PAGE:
More than mooncake: Mid-Autumn Festival popular food across China

2019-09-12 13:33:27CGTN Editor : Gu Liping ECNS App Download
A girl holds a mooncake at a mall in Chinatown in Manila, the Philippines, Sept. 11, 2019. The Chinese Mid-Autumn Festival falls on Sept. 13 this year. (Xinhua/Rouelle Umali)

A girl holds a mooncake at a mall in Chinatown in Manila, the Philippines, Sept. 11, 2019. The Chinese Mid-Autumn Festival falls on Sept. 13 this year. (Xinhua/Rouelle Umali)

The Mid-Autumn Festival will fall on September 13 this year. In the season of harvesting, Chinese people have been preparing various food for this important occasion for family reunion.

It is well-known that the mooncake is a must-have desert at the festival, but there are some other delicacies indispensable for the festival feast across China.


Ciba, a glutinous rice cake, is popular in southern China and commonly seen on the dinner tables during some traditional festivals, such as the Double Ninth Festival and the Spring Festival, as well as the wedding ceremony.

Sichuan Province, in particular, makes ciba for the Mid-Autumn Festival to celebrate harvest and reunion.

Put a pot of steamed glutinous rice into a big stone mortar and use a bamboo stick to pound it. When the glutinous rice turns into a sticky mess, sprinkle some glutinous rice flour on it and press it into small pies or balls. Dip the pie with some soybean flour, peanut flour, sesame, sugar, and osmanthus honey before eating.

Ciba has many implied meanings. Rice sticking together symbolizes family members are united as one and the sweet taste represents hope for a sweet and happy life. The round shape of ciba betokens reunion, or "tuanyuan" in Chinese, as the second character "yuan" means round.

When the full moon rises in the sky, ciba attracts family members to sit around the table and enjoy the festive moment together.


In autumn, the ovary and digestive glands of the female crab have grown big and taste oily and fresh when cooked. It has been a long tradition for Chinese people to eat crabs around the Mid-Autumn Festival.

It is said that the Chinese started eating crabs more than 4,000 years ago, when Yu the Great, a legendary ruler in ancient China, tamed the flood. To Yu the Great was reported the existence of creature clip people in the water and asked Ba Jie to dig a ditch and fill it with hot water. The horrified creatures were scalded to death after falling into the ditch and emitted the fragrance of food. Ba Jie was brave enough to be the first person to eat the creature and crab became a popular food.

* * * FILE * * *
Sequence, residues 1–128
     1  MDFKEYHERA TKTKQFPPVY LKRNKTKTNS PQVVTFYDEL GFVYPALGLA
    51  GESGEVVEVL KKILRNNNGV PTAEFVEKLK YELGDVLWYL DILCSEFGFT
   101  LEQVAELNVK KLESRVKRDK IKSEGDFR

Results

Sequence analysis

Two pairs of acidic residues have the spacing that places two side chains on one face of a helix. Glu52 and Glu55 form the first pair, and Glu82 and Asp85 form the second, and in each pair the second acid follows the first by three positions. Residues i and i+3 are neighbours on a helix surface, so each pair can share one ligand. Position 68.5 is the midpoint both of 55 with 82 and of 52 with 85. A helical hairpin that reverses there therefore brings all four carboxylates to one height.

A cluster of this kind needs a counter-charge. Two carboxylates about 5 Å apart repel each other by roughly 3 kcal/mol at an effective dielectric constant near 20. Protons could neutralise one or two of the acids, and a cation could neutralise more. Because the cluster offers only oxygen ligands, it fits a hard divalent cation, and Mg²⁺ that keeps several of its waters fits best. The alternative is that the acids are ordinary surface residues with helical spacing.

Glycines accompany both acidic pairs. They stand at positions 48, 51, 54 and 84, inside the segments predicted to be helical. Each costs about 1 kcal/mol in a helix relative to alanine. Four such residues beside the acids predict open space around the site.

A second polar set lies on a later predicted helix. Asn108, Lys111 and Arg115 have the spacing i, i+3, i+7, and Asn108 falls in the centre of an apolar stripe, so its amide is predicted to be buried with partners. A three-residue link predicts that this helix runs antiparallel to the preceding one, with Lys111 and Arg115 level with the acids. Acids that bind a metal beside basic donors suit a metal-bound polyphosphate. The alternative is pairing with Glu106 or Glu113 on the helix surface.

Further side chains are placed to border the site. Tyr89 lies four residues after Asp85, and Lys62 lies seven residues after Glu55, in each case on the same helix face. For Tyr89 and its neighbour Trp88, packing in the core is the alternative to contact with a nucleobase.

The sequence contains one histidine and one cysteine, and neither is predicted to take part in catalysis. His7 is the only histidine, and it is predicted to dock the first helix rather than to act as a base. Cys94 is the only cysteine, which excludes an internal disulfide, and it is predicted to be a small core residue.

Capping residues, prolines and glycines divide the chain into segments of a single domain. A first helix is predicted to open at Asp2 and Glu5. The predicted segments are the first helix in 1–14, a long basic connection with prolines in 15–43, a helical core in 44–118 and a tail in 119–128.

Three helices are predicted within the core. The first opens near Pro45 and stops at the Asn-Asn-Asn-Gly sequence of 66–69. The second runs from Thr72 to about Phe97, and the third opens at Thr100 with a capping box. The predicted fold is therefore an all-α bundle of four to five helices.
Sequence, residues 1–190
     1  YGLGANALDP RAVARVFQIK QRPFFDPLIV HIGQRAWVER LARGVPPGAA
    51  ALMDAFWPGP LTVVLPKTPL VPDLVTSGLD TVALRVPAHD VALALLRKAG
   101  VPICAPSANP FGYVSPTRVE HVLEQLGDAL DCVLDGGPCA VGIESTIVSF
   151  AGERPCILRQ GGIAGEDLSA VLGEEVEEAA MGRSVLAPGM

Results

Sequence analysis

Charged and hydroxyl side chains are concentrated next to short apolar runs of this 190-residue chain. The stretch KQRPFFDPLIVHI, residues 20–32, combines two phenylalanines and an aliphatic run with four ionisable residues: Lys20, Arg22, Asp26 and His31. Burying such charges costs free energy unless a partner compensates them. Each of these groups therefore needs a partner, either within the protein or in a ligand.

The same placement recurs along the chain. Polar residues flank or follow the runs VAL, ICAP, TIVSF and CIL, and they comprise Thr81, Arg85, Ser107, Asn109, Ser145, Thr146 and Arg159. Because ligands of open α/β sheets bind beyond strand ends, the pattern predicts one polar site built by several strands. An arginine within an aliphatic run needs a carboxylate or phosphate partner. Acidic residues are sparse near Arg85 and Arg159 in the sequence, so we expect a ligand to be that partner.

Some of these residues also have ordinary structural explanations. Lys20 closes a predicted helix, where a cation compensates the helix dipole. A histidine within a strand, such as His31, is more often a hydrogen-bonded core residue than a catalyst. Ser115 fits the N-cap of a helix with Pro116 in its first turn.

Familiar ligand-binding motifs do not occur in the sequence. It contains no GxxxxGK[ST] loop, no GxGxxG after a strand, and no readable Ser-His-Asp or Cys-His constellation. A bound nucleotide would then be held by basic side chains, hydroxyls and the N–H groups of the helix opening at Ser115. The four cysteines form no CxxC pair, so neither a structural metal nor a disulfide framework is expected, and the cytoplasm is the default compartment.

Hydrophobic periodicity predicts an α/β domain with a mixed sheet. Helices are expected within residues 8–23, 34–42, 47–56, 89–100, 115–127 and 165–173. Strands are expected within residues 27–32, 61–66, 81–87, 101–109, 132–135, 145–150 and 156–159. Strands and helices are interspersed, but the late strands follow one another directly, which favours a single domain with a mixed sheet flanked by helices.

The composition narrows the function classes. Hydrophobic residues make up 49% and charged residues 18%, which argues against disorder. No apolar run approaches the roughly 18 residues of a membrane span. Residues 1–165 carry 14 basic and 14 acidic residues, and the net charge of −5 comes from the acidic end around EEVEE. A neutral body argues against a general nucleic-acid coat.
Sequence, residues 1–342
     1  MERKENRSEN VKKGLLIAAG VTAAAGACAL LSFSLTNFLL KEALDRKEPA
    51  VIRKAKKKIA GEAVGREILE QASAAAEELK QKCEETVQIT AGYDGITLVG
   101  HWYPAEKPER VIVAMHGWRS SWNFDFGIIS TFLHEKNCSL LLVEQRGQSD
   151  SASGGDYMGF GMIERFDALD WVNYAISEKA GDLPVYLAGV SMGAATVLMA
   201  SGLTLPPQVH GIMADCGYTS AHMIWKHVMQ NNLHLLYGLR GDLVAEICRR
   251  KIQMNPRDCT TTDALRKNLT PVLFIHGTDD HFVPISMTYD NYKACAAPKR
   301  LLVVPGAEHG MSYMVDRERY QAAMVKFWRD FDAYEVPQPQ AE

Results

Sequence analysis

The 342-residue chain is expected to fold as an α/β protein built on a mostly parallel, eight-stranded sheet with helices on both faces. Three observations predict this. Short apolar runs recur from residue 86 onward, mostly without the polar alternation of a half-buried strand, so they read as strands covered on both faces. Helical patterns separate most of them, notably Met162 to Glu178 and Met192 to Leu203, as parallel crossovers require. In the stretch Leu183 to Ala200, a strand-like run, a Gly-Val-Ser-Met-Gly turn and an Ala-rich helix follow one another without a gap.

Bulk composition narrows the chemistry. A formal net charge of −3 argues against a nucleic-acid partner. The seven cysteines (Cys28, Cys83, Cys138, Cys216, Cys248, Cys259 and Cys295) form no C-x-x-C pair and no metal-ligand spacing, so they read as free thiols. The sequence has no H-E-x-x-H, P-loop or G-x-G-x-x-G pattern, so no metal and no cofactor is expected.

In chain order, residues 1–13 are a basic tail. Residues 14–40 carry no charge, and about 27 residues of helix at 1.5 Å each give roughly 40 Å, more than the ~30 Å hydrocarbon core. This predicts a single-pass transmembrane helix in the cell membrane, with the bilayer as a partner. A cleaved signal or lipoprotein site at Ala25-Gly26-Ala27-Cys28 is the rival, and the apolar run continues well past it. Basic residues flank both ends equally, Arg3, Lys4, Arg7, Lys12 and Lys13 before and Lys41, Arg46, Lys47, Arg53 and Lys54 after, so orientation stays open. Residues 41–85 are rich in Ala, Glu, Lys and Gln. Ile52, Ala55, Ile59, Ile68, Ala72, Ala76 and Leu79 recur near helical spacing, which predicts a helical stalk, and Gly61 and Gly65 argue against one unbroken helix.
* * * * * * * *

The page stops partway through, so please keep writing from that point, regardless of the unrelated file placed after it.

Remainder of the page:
In the Ming Dynasty (1368-1644), the crab was welcomed in the royal court banquet and the dining etiquette was made to follow. Steam crabs with slipper flower and serve them with white wine vinegar as a dipping sauce. After eating the crabs, drink some "perilla leaf decoction" and then wash your hands with it.

There are about 600 kinds of crabs in China, and the most famous is the Chinese mitten crab, especially those living in Yangcheng Lake, Suzhou, East China's Jiangsu Province. As the famous saying goes, "if you do not know the merits of mitten crabs from Yangcheng Lake, why do you live in Suzhou for a lifetime?"

As crab, or Xie in Chinese, sounds the same as thanks, or Xiexie in Chinese, people love to send crabs as a gift to express gratitude to their relatives and friends during the festival.


Boiled salted duck is a specialty in Nanjing, East China's Jiangsu Province. Although it is an all-season dish, the Mid-Autumn Festival is the best time to eat it.

On one hand, duck grow strongest in autumn, and on the other hand, as the osmanthus flower blooms the duck meat absorb the flower's fragrance and is therefore has another name "osmanthus duck."

Mulam ethnic group in Southwest China's Yunnan Province also has a tradition of eating duck on that day. 

According to the legend, It is said that some foreigners invaded Mulam, looting and murdering village people. A family of three who lived from selling sugar was determined to fight back so they went door to door, pretending to be selling sugar, but they were actually informing the villagers that they would be fighting the invaders on the night of the 15th of the eighth month in the Chinese lunar calendar.

On that night, most of the invaders died, while others jumped into the river and turned into ducks. Mulam people celebrated the victory by catching and cooking ducks. The custom was inherited to remember the heroic sugar-selling family.



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